“Civil Rap Song,” a track by the Japanese hip-hop trio Dos Monos, begins not with an MC’s rhymes but a faraway voice speaking slow, bureaucratic English. The deconstructed audio is sampled over gloomy synth: “If you overemphasize … amplifying the public and private sector … where is the civic sector? … where is the social sector?” Made in less than a week during Japan’s state of emergency over Covid-19, the track was intended to be “culturally empowering,” according to a band member — a way to remind the public that it still had choices, even in the midst of a crisis.

The speaker in the song is 39-year-old Audrey Tang, a prodigy hacker turned activist turned digital minister in the Taiwanese government. Tang, who wears rimless glasses and dark, baggy clothes by Issey Miyake, does not fit the profile of a rapper’s muse. Yet over the course of the coronavirus pandemic, which her country has managed with singular, tech-enabled ease, she has become an international messenger of Taiwan’s “radically transparent” “digital democracy.” For Tang, the Taiwanese model offers an imitable middle ground: between the internet and personal privacy; between corporate interests and the welfare state.

Before Covid-19, you may have heard of Tang if you followed Taiwanese news, tech gossip, or transgender politics. She is considered one of Taiwan’s top coders, having taught herself the programming languages Haskell and Perl before developing software for Apple that would be used in Siri. In the spring of 2014, when news that Taiwan’s then-president Ma Ying-jeou had threatened the island nation’s independence by attempting to force through a trade deal with China, Tang quit a job at Socialtext, where she worked on Google Suite–like productivity software, to join a scrum of hackers gathered outside the main government building in Taipei. This was the beginning of the Sunflower Movement, a popular uprising against the prospect of national absorption, and Tang helped broadcast the protests and debates online. After a nearly monthlong occupation, Ma was forced to abandon the pact, and the Sunflower activists turned to political organizing. They successfully ran progressive candidates in the 2014 local elections and, in 2016, elected Tsai Ing-wen as president. Tsai’s administration recruited Tang to become the first out transgender person in Taiwan’s executive cabinet.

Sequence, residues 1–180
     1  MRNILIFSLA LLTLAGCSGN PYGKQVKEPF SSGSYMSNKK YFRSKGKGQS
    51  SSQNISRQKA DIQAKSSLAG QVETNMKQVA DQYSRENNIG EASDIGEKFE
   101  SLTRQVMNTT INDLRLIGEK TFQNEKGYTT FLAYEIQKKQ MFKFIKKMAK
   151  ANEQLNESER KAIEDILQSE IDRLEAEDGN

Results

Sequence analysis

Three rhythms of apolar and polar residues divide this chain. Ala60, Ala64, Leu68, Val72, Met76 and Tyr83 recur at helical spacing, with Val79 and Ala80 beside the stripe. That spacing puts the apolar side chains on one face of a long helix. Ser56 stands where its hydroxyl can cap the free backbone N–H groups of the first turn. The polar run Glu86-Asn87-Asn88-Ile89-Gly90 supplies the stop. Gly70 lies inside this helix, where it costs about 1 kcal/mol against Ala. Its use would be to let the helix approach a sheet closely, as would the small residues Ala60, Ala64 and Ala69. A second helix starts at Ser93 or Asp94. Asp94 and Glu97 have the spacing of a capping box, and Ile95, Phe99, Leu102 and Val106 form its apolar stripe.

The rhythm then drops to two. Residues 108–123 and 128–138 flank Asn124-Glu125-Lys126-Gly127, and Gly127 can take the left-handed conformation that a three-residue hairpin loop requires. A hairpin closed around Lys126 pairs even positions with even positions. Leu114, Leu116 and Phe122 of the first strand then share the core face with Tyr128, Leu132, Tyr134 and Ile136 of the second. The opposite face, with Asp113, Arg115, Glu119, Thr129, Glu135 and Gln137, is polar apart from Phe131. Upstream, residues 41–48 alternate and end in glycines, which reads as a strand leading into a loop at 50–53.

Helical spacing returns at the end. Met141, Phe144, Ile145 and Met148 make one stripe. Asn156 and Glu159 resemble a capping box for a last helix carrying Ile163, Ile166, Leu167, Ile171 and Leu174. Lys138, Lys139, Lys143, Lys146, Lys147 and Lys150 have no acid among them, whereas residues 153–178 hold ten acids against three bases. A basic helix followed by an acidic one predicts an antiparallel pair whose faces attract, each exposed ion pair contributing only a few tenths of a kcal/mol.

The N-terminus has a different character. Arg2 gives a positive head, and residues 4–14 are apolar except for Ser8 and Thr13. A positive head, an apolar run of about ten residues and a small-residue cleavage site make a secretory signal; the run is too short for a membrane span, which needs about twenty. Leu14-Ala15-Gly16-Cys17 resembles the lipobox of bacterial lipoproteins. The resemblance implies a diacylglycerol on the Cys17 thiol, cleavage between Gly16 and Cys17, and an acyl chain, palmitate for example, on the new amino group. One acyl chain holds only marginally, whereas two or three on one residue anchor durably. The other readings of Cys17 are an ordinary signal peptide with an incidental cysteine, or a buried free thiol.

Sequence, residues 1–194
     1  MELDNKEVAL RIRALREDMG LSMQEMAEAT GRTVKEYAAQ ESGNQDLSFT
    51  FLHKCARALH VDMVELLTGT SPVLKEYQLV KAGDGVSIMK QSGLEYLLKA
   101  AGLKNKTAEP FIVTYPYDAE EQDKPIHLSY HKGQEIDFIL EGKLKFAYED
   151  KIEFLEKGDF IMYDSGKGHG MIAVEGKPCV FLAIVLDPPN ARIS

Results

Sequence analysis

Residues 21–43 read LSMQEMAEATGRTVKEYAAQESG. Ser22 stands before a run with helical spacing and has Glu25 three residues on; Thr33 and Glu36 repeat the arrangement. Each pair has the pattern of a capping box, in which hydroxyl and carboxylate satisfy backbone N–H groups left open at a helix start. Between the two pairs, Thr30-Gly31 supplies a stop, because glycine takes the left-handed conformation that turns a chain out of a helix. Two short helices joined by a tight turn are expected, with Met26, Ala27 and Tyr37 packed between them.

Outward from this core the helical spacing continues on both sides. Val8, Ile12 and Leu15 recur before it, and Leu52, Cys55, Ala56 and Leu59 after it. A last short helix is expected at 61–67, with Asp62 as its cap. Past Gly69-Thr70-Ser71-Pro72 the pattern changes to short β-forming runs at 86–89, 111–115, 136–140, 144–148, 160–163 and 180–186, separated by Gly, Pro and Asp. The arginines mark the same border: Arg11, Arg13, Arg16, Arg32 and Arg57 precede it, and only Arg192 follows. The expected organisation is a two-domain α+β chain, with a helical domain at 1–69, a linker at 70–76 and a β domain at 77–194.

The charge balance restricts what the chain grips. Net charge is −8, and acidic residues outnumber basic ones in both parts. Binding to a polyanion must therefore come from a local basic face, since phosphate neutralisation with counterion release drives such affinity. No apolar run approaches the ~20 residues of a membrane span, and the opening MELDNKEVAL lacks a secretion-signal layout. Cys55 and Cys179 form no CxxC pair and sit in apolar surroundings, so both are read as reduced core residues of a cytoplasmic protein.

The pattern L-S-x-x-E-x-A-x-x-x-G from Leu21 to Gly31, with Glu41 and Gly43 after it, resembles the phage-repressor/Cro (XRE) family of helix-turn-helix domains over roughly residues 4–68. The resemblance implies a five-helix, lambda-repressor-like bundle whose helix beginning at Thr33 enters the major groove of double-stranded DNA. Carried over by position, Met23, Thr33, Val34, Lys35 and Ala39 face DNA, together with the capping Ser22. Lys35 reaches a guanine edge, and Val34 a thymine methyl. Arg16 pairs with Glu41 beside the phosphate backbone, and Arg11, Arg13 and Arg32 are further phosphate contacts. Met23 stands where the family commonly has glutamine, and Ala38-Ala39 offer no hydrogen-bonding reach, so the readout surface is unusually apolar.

While Tang’s title is “digital minister,” she is a minister without a ministry. As one of nine “horizontal ministers,” she advises other parts of the government on all things tech — and, because she happens to be obsessed with the U.N.’s Sustainable Development Goals — environmental overlaps. In 2017, for instance, she and her staff worked with the Ministry of the Interior and a risk-management agency to combine separate systems used to prevent and respond to natural disasters. Upon Tang’s recommendation, the government agreed to implement a new cloud-based interface to trim costs and give the public quick, easy access to information on floods, fires, and extreme weather. Last year, during the second “presidential hackathon,” an annual event that invites startup-style ideas for governance, she helped facilitate the development of a solar-powered device that can measure and log water-pollution levels on an open-source blockchain. Soon, any citizen worried about downstream industrial waste will be able to buy a few of these monitors, drop them in a creek, and create a dataset to hold corporations and local officials accountable to environmental regulations.

This is clearly government work, but Tang, at her core a hacker iconoclast, bristles at the notion that she works for Taipei. She still prefers to see herself as a liaison, or, in her words, “a moderator or editor,” between the public and the state. This explains why Tang — though not a doctor or epidemiologist — found herself at the center of Taiwan’s response to Covid-19. 

When rumors of a dangerous flu emerged from Wuhan, China, last December, the Taiwanese reacted fast. Carrying the memory of the 2003 SARS epidemic, they rushed to buy face masks, threatening to deplete local supplies. In the city of Tainan, an engineer named Howard Wu created a fix: a mapping system to track available masks, using Google GPS and Places API. The platform was an immediate hit. Tang reached out to Wu and secured funding from Google to support and extend the project, which eventually inspired a similar system in South Korea. By spring, the Taiwanese government was managing the supply and distribution of cheap N95-type masks through neighborhood pharmacies. All 24 million residents of Taiwan could buy a certain number per week, at any pharmacy, based on their national health insurance card. Long lines got shorter, and people went about social distancing with confidence. The success of this model — Taiwan has had fewer than 500 total cases and just seven deaths — was what attracted the Dos Monos rappers to Tang.

It helped that, in East Asia, masks were “already ‘natural’ before the pandemic; we didn’t have to invent new things,” Tang said. In response to the common, mostly Western critique that East Asian technocracy relies too much on digital surveillance, Tang explained that Taiwan’s containment method involved “a deep but very narrow and time-limited privacy infringement: You either, when flying back, go to the quarantine hotel for 14 days, or you can choose the digital fence,” that is, submit to strict tracking. “We do not collect new data,” she added. “It’s not a new app. It’s not GPS. People understand it’s proportional.” Taiwan also invested in fact-checking startups and enlisted comedians to craft lighthearted responses to Covid-19 disinformation and consumer misbehavior. In a public-service announcement intended to stem panic-buying of toilet paper, a cartoon version of Tang’s boss, Premier Su Tseng-chang, shimmies his rear end beneath the words, “You only have one butt.”